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For Your Marriage

Josh and Stacey Noem have been married for almost 20 years and have three children in middle school and high school. They blog about parenting and their adventures as a family.

Moms and Daughters

Lucy currently loves me – A LOT.

She is five years old, fairly independent, able to read and write short words, and almost able to ride a bike. So this strong devotion and affection is not the product of infancy or clinginess. She just loves me.

When I come home at the end of a fairly long day, I stop in the kitchen to talk with Joshua. Sometimes Lucy hears my voice and calls from wherever she is playing in the house, “Mama is home!” Quickly accompanied by her running into the room and giving me a big hug.

How awesome is this?!

I hate to say it, but I am pretty much banking on the fact that it probably won’t last.

Why would I say that? Well, let me put it this way: it is not uncommon, when sitting with a bunch of adult women, that one of them might be telling how their day, week, month is going and say words to the effect of “my mother is in town” with a knowing look at all of us. At which point, the women around the circle smile and nod knowingly in return.

What is this complicated relationship between mothers and adult daughters? First let me say that I understand there are adult daughters out there who might consider their mother their best friend. I have to admit to not personally knowing any of them. So I don’t know how that came to be or what that looks like for them.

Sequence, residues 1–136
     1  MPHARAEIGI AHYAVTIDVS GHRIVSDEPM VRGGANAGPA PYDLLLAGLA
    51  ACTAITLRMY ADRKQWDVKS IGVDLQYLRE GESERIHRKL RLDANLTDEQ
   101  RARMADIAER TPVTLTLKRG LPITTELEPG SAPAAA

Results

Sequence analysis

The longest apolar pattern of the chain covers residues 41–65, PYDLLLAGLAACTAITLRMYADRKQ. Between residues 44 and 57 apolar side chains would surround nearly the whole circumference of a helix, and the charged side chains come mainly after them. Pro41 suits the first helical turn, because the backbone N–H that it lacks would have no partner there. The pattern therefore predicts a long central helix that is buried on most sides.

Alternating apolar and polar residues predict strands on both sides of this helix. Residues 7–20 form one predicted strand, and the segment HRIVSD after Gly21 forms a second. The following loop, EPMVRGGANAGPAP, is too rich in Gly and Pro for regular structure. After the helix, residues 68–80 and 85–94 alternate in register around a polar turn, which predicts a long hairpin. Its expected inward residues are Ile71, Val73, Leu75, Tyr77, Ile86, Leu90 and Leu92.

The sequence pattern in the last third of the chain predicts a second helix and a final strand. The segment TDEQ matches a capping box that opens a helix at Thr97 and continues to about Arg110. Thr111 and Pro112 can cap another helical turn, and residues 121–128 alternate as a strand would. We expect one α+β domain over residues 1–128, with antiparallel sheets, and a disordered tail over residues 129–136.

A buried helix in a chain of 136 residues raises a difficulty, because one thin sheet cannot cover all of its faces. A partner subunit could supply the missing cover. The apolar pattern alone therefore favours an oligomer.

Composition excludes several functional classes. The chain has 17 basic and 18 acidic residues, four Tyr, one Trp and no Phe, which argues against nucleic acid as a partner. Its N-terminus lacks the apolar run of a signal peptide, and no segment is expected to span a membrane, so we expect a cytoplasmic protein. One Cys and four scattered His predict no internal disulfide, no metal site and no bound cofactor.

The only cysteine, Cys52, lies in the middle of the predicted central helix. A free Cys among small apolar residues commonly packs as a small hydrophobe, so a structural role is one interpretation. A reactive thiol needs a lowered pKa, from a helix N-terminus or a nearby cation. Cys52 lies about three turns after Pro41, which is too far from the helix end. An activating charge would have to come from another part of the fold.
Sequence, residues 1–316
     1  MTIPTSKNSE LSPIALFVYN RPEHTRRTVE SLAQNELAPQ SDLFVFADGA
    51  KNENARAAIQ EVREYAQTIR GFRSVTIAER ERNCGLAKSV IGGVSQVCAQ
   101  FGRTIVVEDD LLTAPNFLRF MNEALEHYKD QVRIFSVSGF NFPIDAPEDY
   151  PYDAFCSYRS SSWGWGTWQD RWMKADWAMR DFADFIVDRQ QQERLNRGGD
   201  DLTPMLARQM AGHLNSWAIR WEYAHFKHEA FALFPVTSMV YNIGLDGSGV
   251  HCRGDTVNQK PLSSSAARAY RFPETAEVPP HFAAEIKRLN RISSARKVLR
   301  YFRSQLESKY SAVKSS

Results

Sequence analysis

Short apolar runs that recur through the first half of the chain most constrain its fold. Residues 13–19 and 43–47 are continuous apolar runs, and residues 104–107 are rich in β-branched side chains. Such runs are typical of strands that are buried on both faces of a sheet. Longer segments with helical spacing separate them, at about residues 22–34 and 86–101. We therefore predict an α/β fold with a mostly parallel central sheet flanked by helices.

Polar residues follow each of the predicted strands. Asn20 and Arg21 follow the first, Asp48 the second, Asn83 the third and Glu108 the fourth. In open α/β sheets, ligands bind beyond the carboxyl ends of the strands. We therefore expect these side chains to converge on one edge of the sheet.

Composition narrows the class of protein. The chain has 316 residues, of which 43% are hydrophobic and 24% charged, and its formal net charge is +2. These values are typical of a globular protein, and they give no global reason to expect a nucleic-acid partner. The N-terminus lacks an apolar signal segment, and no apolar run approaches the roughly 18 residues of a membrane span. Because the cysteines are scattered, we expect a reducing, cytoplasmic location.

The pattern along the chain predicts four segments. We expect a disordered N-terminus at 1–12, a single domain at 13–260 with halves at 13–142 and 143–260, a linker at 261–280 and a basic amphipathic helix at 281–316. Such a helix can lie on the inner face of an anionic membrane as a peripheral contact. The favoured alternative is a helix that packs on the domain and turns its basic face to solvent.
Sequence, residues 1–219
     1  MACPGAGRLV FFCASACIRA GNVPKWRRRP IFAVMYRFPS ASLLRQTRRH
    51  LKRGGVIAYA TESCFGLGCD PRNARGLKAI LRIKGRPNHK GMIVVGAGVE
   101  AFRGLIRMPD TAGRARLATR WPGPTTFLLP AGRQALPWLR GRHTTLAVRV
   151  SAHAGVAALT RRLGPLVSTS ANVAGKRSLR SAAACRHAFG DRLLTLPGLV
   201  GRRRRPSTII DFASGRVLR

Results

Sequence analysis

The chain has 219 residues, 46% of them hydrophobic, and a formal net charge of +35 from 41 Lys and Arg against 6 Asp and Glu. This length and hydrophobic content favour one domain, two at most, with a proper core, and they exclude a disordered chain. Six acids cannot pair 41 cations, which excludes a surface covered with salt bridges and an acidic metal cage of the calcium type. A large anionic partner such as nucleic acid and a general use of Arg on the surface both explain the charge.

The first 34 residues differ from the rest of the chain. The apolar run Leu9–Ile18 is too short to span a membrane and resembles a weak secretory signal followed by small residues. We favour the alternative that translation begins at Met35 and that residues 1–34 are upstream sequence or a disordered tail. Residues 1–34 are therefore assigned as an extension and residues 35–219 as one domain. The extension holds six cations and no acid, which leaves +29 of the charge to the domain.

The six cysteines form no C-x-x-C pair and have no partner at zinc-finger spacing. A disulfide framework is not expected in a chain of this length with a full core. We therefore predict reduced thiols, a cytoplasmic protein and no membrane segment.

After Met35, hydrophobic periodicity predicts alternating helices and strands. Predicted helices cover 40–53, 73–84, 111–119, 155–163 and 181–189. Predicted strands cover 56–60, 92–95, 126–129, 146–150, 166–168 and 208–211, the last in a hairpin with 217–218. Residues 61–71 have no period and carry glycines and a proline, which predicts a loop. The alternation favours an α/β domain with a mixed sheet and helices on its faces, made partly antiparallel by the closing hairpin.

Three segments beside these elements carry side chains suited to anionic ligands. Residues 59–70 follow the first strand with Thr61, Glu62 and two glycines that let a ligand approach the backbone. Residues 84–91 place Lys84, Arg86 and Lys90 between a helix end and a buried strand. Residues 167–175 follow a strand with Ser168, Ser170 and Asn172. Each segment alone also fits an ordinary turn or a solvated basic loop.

The women I know have a variety of relationships with their mothers. Some are in close contact, living near one another or talking on the phone daily. Some are in regular – though not daily – contact and would say that their moms know with some detail what is going on in their lives. Some only feel a duty to stay connected and meet that duty to greater and lesser degrees.

Many feel like the transition to whatever their relationship is today happened as they navigated from being simply “daughter” to “adult daughter.” No longer a “little girl” although, likely, always “their mom’s” little girl.

I sometimes think of how Lucy and I are going to navigate the transition to her teenage and later adult years. It might sound incredibly premature for my Kindergartener. But it is only because I sense my responsibility in helping us both navigate those years well.

So, at the same time that I know her present effusive affection will not likely last; for now, I am lapping it up. Matching all of her excitement with equal excitement. Holding every hug until she lets go first…

…and then I remember, that is exactly what my mom did with me.